Discovery Days: Exploring Thru Time
Photos by: Rick Jacquot
We had a fun weekend in Charleston, SC this past weekend. I met with Brenton and October, Rick B. and Charlene, Rob Stine and Derek and Mary on Friday afternoon at the Ashley River Bridge. The plan was to hunt fossils Friday and visit the fossil show in Moncks Corner on Saturday. The area at the bridge is now a park. paved road and parking spaces with a nice fishing pier. They left the beach alone so the hunting remains the same, although quite picked over as compared to years past.
October and a new friend hunting fossils.
Brenton and October on the beach.
Charlene, Rick B., Maggie and Rob on the hunt.
My big finds of the day, a pair of glasses, some phosphate and a little fishing line. The hunting is much harder these days as so many people visit this spot.
Saturday at the show.
If you have any doubt about the quality of finds that can be made by diving, check this out. Fossil diver Joe Harvey and his son found this just a few months ago in the Cooper River. A mammoth or Mastodon tusk section, 3-4 ft. long and weighing about 75 pounds. He said this was just laying on the bottom, not even buried in the sand. He also said it took 2,000 pounds of air and everything he had to get it to the surface. Joe and his son are the main fossil and artifact contributors to the Berkeley County Museum.
Fossil teeth, a crab and a huge fossil Marlin fish vert. This fish must have been over a thousand pounds!
Fossils for sale. This is just one room, there were several rooms filled with many top quality fossil dealers.
The show also held history demonstrations from the Pirate era, the Civil War, Colonial times and more. Above is the local pirate expert, that is a real 1756 flintlock pistol he is sporting on his belt.
One of the pirates brought along his bird.
This was my favorite find/purchase of the weekend. This is a large whale vert, not particularly attractive and it was being used to prop up the lid of another display at one table. I asked the dealer what he wanted for it and bought it. He had found it in the Cooper River years before, now retired from diving, he was selling off some of his old finds.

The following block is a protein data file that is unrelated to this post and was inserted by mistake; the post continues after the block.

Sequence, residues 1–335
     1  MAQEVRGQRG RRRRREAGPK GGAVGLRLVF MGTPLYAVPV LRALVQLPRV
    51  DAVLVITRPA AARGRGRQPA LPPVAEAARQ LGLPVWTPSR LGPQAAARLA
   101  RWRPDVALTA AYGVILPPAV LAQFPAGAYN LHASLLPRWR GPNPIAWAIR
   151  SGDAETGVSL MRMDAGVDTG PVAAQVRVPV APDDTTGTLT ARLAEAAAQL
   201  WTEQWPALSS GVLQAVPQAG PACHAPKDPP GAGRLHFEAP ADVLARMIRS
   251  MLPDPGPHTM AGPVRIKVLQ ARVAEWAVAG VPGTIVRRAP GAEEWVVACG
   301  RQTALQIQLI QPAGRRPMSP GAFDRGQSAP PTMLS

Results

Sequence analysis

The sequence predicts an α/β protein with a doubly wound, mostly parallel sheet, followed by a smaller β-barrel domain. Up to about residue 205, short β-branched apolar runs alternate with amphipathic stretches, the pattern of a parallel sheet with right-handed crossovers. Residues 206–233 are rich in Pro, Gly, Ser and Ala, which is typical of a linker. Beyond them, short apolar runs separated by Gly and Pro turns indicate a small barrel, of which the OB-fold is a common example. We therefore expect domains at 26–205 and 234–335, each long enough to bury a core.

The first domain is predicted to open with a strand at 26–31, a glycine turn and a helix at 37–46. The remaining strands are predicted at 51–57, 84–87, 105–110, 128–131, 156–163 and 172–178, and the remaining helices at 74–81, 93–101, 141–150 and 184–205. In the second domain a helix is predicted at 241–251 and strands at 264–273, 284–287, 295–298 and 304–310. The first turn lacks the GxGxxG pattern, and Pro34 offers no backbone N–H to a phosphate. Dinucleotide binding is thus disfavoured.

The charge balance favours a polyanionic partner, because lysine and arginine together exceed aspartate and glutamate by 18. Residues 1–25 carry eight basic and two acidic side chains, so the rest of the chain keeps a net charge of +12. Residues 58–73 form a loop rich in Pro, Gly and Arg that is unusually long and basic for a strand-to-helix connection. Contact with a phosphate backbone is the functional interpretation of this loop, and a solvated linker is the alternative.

I wanted the piece for one reason, the obvious bite damage done to the vert. If this is not a Megalodon bite, it is some odd pathology, but everyone I showed it to agreed it was definitely bite damage. I have seen many fakes over the years like the one pictured below. These things are many times sold to amateur unknowing fossil collectors claiming the vertebrae was found with the shark tooth imbedded in the vert. These are all fakes, at least all the ones I have seen. The one I have is the only one I have ever seen that has actual damage. Of course I do not have the tooth that did it and I doubt the tooth even came out of the sharks mouth, the damage was likely caused during a feeding frenzy with numerous sharks stripping the whales carcass and bones for any meat still attached. I think I might be able to find a broken meg somewhere to fit the hole!
Fake/constructed specimen of whale vertebra with shark tooth.
A couple close ups of the bite damage, you can still see the river gravel in the hole.
When I got to one of the buildings at the show, an older gentleman was laying out a pile of river bones to give away to the visitors. I asked him if he had any dugong skull caps in the pile, he said he didn't think so. Later he approached me and gave me this bone, he said it looked like a skull and asked if I wanted it. I took it. It is a giant ground sloth bone, likely the end of a leg or arm bone. Pretty cool.
The show was great and it definitely got me primed for the upcoming dive season in the Cooper, Edisto and other South Carolina rivers!